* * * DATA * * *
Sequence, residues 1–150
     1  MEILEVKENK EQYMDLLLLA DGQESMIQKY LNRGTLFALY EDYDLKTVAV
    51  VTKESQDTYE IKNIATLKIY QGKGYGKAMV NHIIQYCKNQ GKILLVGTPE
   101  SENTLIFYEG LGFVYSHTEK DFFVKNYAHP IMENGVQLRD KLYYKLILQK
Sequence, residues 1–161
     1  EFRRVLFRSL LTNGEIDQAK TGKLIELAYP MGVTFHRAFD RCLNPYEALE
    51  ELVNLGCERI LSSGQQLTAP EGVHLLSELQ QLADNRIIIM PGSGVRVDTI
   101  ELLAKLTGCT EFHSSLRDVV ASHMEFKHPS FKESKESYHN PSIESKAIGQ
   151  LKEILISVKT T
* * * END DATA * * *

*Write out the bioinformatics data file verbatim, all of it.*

Sequence, residues 1–150
     1  MEILEVKENK EQYMDLLLLA DGQESMIQKY LNRGTLFALY EDYDLKTVAV
    51  VTKESQDTYE IKNIATLKIY QGKGYGKAMV NHIIQYCKNQ GKILLVGTPE
   101  SENTLIFYEG LGFVYSHTEK DFFVKNYAHP IMENGVQLRD KLYYKLILQK
Sequence, residues 1–161
     1  EFRRVLFRSL LTNGEIDQAK TGKLIELAYP MGVTFHRAFD RCLNPYEALE
    51  ELVNLGCERI LSSGQQLTAP EGVHLLSELQ QLADNRIIIM PGSGVRVDTI
   101  ELLAKLTGCT EFHSSLRDVV ASHMEFKHPS FKESKESYHN PSIESKAIGQ
   151  LKEILISVKT T